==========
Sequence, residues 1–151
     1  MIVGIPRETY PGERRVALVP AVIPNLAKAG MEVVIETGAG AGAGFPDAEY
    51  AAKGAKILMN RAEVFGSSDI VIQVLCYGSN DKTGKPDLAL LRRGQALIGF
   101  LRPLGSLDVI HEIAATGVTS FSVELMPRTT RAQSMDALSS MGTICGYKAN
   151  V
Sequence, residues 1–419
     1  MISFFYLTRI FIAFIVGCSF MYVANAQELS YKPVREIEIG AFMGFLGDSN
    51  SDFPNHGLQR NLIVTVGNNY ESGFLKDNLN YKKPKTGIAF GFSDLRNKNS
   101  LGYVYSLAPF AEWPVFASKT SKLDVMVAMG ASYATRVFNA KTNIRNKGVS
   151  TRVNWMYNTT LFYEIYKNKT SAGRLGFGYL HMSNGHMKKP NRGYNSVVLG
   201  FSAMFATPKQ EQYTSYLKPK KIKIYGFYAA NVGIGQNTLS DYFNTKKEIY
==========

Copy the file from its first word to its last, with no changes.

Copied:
Sequence, residues 1–151
     1  MIVGIPRETY PGERRVALVP AVIPNLAKAG MEVVIETGAG AGAGFPDAEY
    51  AAKGAKILMN RAEVFGSSDI VIQVLCYGSN DKTGKPDLAL LRRGQALIGF
   101  LRPLGSLDVI HEIAATGVTS FSVELMPRTT RAQSMDALSS MGTICGYKAN
   151  V
Sequence, residues 1–419
     1  MISFFYLTRI FIAFIVGCSF MYVANAQELS YKPVREIEIG AFMGFLGDSN
    51  SDFPNHGLQR NLIVTVGNNY ESGFLKDNLN YKKPKTGIAF GFSDLRNKNS
   101  LGYVYSLAPF AEWPVFASKT SKLDVMVAMG ASYATRVFNA KTNIRNKGVS
   151  TRVNWMYNTT LFYEIYKNKT SAGRLGFGYL HMSNGHMKKP NRGYNSVVLG
   201  FSAMFATPKQ EQYTSYLKPK KIKIYGFYAA NVGIGQNTLS DYFNTKKEIY